Update: From the July 13 WaPo: As Wal-Mart threatens to walk, what's next for a dying shopping center? ("The Skyland Shopping Center in Southeast Washington is amost dead. Shops are shuttered and windows broken." Gee, we wonder why?). See also Gideon Kanner's thoughts on the story at "Another Kelo Case in the Marking?"
You remember the Skyland redevelopment project in Washington, D.C., don't you? That's the one we've covered before, which has resulted in boocoo court decisions, most of them unfavorable to the small property owners whose businesses were considered "blighting factors" to the surrounding area, and thus stood in the way of a redevelopment project coveted by the city fathers and mothers. See DeSilva v. District of Columbia, No. 10-CV-1069 (Feb. 24, 2011); Rumber v. District of Columbia, 487 F.3d 941 (D.C. Cir. 2007); Franco v. National Capital Revitalization Comm'n, 930 A.2d 160 (D.C. 2007); Franco v. District of Columbia, 3 A.3d 300 (D.C. 2010); Rumber v. District of Columbia, No. 09-7035 (D.C. Cir. Feb. 26, 2010) (per curiam); and Oh v. National Capital Revitalization Corp., 7 A.3d 997 (D.C. 2010).
Here's the latest twist. As reported by the Washington Post, the mega-retailer Wal-Mart was all set to hit the D.C. market hard -- with no less than six planned new stores in "underserved" areas -- when the City Council decided W-M paid its workers too little, and considered adopting a "living wage" ordinance. In response, W-M threated to cancel most or all of its plans.
This is where it got predictable: one of the new shopping centers targeted for withdrawal? You didn't have to read the story to know it is Skyland.
Despite the ultimatum, the city council predicted that "they will come" anyway, and that Wal-Mart needs the D.C. market more than the D.C. market needs Wal-Mart. The council called W-M's bluff and adopted the ordinance. If the mayor (who lives near Skyland) doesn't veto the ordinance and it turns out that Wal-Mart really doesn't need D.C., apparently the entire Skyland project may end up going the way of the Pfizer campus in New London:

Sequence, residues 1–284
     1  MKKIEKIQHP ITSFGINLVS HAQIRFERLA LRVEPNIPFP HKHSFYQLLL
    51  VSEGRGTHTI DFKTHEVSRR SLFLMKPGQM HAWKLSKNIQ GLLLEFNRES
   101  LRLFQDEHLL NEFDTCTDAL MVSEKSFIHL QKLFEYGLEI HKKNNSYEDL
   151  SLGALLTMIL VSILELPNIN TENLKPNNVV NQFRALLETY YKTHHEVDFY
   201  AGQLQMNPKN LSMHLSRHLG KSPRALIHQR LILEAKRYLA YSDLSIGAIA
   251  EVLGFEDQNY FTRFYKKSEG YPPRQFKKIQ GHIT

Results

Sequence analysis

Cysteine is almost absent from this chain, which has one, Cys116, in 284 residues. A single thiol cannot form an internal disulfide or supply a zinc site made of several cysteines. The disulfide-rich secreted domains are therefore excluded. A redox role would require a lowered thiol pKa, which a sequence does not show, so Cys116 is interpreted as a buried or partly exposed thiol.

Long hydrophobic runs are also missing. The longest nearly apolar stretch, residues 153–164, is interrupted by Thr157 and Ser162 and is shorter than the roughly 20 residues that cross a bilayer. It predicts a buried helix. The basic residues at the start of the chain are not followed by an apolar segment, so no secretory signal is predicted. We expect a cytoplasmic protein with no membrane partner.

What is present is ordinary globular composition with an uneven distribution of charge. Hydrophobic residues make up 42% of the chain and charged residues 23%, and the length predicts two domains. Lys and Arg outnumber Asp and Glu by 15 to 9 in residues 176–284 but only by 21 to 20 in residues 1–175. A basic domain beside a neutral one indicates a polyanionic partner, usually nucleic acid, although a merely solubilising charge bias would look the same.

But colleague Yvette M. Alexander (D-Ward 7), who represents an area slated for two stores and opposes the bill, said she was "angry and upset" about the message, delivered by Keith Morris, Wal-Mart’s director of public affairs and government relations. "That means back to the drawing board for Ward 7 unless there’s a vote in opposition," she said. "This is going to just about ruin two major development plans in Ward 7."It was a sentiment echoed by her constituents. Karen Williams, president of the Hillcrest Community Civic Association, said she was "very disappointed" to hear Wal-Mart could pull out of the Skyland site.
"We have been working on making this project a reality for over 23 years," she said. "We finally felt that we were so close to having it built. . . . Even though there are people who are not exactly Wal-Mart fans, we all want the project to move forward."
And what of those property and business owners forced out by eminent domain in this game of retail politics? Not a mention in the Post, by the Council, or the Mayor.
Thanks to colleague Elaine Mittleman, who has doggedly represented many of the property owners in this battle, for the heads-up.